Tuesday, June 25, 2013

How Much Is Enough Information?

Edward Snowden is experiencing his 15 minutes of fame.  Mr. Snowden, formerly working for a government contractor working for the NSA, released/leaked classified information, which revealed that the NSA has ordered Verizon (and other wireless carriers) to provide a database of all the calls of all of their numbers. All. Every. One.

Apparently, Mr. Snowden currently is enjoying the comforts of Moscow's transit lounge en route to a country that will offer him asylum. I find it interesting that the media are more focused on this chase around the world that is starting to resemble a game of Where in the World is Carmen Sandiego than about the massive database possessed by the NSA. They were somewhat less blasé when the story broke about the wiretaps at the Associated Press. Interesting, redirecting the narrative to reduce focus on the truly disturbing aspects of these revelations, very interesting.

But, I want to get back to this point that the NSA has these "rolling court orders," which they can use to order carriers to provide this metadata to them. They provide the calling number, the receiving number, the date/time/length of call, which can be kept on file for five years.

Whether Mr. Snowden is a patriot or a traitor is a discussion for another day. Regardless, we would not know that this was going on  if he had not shared this information. Truth be told, I read enough spy novels that I thought they were doing this, but I was surprised at my indignation of having my suspicions confirmed.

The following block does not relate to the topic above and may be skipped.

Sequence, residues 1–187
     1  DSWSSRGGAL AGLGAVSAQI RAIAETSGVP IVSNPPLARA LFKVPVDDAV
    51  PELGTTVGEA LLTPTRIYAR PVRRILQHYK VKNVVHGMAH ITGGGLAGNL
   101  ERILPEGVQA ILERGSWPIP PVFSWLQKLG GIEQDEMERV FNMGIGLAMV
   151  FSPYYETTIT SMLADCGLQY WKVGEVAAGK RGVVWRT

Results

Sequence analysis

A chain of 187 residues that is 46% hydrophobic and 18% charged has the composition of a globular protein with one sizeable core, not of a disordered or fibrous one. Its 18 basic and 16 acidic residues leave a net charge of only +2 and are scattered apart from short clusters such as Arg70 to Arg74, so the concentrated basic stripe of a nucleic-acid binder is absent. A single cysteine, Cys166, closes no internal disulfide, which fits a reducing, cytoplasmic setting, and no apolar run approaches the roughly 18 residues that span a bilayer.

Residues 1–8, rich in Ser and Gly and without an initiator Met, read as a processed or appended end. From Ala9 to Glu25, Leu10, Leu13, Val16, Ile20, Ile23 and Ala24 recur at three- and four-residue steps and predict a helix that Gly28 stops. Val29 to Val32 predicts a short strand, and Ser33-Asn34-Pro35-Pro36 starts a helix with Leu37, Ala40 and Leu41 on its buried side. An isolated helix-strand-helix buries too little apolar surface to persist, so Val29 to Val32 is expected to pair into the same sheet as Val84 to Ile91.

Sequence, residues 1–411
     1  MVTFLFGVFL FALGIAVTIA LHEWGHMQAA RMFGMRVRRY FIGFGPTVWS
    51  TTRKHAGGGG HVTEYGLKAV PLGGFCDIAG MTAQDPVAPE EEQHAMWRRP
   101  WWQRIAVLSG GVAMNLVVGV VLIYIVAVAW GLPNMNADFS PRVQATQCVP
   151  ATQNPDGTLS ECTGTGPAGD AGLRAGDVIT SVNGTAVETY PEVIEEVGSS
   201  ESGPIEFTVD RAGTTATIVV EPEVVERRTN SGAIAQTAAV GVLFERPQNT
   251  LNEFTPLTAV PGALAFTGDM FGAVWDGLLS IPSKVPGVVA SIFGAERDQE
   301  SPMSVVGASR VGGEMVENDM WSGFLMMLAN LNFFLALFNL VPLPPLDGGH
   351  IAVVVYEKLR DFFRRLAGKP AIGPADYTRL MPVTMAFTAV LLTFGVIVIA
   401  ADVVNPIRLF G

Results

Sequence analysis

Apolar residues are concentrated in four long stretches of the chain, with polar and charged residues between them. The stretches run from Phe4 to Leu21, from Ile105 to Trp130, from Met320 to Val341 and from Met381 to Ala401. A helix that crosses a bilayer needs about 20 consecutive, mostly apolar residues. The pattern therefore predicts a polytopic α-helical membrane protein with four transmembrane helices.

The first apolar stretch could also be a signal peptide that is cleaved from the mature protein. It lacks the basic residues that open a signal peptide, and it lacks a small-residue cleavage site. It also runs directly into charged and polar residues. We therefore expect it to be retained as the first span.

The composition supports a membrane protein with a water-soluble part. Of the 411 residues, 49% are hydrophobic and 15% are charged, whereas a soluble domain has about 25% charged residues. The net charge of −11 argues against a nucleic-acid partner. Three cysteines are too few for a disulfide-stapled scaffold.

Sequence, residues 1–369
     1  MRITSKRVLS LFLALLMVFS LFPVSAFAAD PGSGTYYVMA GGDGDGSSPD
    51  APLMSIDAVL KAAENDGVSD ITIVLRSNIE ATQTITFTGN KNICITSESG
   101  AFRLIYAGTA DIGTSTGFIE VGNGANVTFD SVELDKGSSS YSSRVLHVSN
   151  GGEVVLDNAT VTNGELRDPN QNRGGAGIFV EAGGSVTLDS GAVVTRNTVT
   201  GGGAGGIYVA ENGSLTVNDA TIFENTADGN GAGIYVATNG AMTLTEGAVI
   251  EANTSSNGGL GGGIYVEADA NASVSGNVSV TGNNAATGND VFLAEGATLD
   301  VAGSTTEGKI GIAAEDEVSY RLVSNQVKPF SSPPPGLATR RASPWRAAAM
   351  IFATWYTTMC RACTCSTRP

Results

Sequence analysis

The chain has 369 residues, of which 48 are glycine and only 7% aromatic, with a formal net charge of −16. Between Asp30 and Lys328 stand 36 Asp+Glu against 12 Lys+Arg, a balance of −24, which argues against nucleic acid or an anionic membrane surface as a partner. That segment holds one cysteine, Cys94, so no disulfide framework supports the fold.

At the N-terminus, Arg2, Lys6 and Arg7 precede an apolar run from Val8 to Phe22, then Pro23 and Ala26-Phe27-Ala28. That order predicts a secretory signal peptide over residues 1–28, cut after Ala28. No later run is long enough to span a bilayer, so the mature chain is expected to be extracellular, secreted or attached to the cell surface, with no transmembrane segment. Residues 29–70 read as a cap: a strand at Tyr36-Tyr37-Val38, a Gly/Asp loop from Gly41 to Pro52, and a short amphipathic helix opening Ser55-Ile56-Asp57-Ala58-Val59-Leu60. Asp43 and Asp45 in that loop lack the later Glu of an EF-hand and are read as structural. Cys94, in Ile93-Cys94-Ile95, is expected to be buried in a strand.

How do you feel about the government having all of your call information?  As you may suspect, I'm not too happy about it. Why?

The "party line" from the Intelligence Community is that they need it, so if they get a lead on a particular phone number, they can search the database to which numbers they're talking to. It's all okay because they originally receive a secret court order that our cell provider is prohibited from revealing to anyone. We shouldn't feel like we're under surveillance because there are no names on the database.

Let me tell you something. There's this thing called the internet. You may be familiar with it. You give me a phone number, and in 30 seconds or less, I'll be able to tell you all kinds of things about the person linked to that number, including their name.  The NSA or the White House saying that we have nothing to be concerned about because our name isn't in the database is worse than nonsense. It implies that they think we're stupid.

The next insulting proposition is that if I don't support storing and trolling of this  metadata information that I must not care about security. Wrong.  I just think that if they have suspicions about someone, they should have to get an individual personalized warrant for the information. What I don't understand is the need for generic, just give us everything on everyone,  rolling court order. This trolling net captures the innocent along with the guilty. It seems to be the very definition of "unreasonable search and seizure."